Zucchini Parmesan Is A Classic Neapolitan Casserole

Whether you call it zucchini parmesan, parm, or parmigiana isn't important. What is important is knowing how to make this delicious Neapolitan casserole. Cheesy and saucy, zucchini parmesan may require a bit of effort, but the final product is more than worth it. Like a courgette-layered lasagna, MasterClass explains that the recipe originated in the southern Italian city of Naples, where local ingredients like the zucchini shine.

Tracing the history of the parmigiana is tricky, to say the least. While it's believed that eggplant was brought to southern Italy in the 15th century, Gambero Rosso reports that a sauce and aubergine layered recipe may have been crafted in Sicily but refined in Naples, where it was instead made with a copious amount of mozzarella and fried zucchini in place of the eggplant.

As for the parmigiana moniker, Paesana proposes several theories like how it could be derived from the Sicilian word damigiana (the wicker sleeve used to serve the casserole) or the word palmigiana (the horizontal slats on a roof that resemble the layered vegetables) — it might even have something to do with its generous use of parmigiano reggiano.

Fried zucchini, simmering sauce, and a whole lot of parmesan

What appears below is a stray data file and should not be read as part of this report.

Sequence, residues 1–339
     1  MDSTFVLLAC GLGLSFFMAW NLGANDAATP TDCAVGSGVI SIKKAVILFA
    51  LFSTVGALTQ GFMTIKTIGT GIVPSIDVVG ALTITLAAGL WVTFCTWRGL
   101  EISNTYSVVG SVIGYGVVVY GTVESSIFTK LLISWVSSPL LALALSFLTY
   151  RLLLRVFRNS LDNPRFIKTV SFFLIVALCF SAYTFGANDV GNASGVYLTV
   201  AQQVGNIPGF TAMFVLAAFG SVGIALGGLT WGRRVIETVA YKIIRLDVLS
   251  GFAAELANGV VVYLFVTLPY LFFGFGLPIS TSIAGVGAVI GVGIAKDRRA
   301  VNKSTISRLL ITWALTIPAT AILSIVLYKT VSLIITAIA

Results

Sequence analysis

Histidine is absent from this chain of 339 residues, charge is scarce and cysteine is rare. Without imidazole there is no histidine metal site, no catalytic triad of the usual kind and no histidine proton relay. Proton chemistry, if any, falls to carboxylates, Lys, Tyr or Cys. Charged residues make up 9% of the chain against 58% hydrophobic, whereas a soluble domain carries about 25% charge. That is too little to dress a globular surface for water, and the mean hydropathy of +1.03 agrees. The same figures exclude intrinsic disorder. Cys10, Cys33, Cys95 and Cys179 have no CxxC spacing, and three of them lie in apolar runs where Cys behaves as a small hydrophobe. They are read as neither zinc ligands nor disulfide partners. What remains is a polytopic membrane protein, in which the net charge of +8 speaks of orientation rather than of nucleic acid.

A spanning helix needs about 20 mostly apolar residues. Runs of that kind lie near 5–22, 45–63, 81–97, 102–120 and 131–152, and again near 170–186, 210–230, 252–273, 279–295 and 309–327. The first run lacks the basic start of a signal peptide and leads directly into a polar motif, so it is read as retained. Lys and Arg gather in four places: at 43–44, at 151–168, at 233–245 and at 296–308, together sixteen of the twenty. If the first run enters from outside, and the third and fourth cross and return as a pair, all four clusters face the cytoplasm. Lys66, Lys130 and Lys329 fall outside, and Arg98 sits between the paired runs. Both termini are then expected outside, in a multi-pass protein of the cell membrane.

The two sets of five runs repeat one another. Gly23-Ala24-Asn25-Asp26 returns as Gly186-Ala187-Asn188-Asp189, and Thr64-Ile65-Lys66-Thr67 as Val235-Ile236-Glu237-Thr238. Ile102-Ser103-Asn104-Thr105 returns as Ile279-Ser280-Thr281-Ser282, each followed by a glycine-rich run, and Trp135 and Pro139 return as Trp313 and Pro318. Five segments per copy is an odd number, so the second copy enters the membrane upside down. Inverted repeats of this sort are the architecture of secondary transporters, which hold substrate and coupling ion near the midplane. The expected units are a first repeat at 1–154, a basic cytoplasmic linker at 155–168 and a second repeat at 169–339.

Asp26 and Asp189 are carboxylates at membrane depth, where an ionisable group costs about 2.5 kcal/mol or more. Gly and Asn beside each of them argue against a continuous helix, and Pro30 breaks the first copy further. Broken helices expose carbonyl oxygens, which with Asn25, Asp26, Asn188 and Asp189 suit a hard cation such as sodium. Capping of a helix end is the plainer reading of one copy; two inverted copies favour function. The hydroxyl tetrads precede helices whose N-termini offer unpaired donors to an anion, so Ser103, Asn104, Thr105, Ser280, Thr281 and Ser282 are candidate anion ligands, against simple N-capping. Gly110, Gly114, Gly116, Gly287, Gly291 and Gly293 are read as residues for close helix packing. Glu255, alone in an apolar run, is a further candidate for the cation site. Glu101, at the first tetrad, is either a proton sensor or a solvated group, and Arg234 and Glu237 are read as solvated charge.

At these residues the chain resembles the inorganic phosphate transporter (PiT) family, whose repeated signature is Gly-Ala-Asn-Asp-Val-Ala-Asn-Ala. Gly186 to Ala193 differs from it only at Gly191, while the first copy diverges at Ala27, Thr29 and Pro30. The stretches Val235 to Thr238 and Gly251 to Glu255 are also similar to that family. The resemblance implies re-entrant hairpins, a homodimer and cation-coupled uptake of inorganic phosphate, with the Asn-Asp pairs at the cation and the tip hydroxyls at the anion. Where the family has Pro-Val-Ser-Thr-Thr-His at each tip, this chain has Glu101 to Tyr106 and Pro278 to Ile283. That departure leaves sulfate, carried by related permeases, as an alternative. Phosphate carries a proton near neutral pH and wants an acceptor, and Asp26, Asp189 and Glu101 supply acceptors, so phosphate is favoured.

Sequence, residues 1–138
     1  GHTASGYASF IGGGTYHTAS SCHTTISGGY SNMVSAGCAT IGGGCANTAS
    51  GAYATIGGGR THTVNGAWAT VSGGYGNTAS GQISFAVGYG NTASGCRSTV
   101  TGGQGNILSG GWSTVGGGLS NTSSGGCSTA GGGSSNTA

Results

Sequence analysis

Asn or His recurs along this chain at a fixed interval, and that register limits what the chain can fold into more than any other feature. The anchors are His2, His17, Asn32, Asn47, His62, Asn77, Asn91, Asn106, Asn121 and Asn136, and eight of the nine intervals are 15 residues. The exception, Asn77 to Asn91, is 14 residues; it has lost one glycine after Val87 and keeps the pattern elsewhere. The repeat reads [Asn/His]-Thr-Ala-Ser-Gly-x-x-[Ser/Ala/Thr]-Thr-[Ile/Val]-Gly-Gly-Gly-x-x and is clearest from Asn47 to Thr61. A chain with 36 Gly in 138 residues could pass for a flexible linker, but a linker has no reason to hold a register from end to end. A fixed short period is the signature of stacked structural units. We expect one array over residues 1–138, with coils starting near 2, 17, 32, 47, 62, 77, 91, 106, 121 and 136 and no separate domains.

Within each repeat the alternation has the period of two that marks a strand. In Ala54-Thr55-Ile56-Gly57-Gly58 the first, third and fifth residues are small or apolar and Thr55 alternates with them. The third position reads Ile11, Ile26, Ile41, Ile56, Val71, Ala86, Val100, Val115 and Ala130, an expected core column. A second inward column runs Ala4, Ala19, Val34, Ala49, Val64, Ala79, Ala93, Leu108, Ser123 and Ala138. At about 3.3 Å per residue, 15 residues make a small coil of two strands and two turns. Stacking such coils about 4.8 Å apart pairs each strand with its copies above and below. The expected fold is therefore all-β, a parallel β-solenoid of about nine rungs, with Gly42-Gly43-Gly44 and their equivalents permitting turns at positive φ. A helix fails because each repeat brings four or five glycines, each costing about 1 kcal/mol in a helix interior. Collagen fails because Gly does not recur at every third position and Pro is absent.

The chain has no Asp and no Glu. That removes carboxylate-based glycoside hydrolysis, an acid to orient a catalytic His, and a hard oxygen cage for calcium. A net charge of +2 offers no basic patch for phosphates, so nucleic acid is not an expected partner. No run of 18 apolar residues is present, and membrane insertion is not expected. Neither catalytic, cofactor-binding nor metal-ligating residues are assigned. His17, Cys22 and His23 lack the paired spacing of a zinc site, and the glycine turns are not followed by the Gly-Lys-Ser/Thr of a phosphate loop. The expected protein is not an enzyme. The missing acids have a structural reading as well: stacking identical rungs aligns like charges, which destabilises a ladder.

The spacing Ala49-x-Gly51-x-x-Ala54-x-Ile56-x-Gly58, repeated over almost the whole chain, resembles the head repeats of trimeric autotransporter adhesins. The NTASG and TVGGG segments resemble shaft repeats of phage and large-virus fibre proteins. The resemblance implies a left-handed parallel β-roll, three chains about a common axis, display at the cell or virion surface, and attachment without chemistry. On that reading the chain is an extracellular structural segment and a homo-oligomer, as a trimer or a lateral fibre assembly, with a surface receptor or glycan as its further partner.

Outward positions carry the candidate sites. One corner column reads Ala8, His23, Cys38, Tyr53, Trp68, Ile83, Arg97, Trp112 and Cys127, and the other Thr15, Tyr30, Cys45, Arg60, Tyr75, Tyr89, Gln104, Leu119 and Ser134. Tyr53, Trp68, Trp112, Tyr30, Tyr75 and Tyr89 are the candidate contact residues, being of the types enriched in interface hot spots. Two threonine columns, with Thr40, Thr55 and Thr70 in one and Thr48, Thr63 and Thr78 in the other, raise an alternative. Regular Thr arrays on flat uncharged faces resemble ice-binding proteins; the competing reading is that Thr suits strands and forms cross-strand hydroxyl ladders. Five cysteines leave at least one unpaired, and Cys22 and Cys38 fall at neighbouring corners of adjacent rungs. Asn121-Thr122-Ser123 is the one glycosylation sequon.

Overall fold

Like many Neapolitan recipes, zucchini parmesan starts with whipping up a simple marinara sauce of sautéed chili, garlic, basil, and crushed tomatoes, leaving that to simmer. Next, zucchini is sliced and salted, so they do not turn out soggy – and then coated in eggs and breadcrumbs before being shallowly fried, notes Serious Eats. Now comes the fun part: assembly. Layer sauce at the bottom of a baking dish, followed by fried zucchini, mozzarella, and a handful of parmesan, repeating until the zucchini is finished. Top with sauce (and more cheese) and bake until bubbly.

Like all good recipes, there are some riffs on zucchini parm. According to La Cucina Italiana, some recipes forgo the breading and just fry the zucchini, whereas other renditions skip the frying entirely and bake or grill the courgettes. Other times tomato sauce is swapped out for a creamy béchamel, or other ingredients like pesto, ricotta, or a bit of meat are added between layers. Parmigiana is very much a recipe with flexibility.

A word to the wise, when it comes to serving, let the casserole rest before slicing to avoid a mess of mozzarella. Enjoyed as an antipasto or as a main course, zucchini parm is sure to delight, especially when paired with the right glass of vino. As the saying goes per food consultant Joyce Goldstein: "What grows together, goes together," which is why Wine Enthusiast recommends pairing the rich dish with a crisp white wine like a Pallagrello Bianco.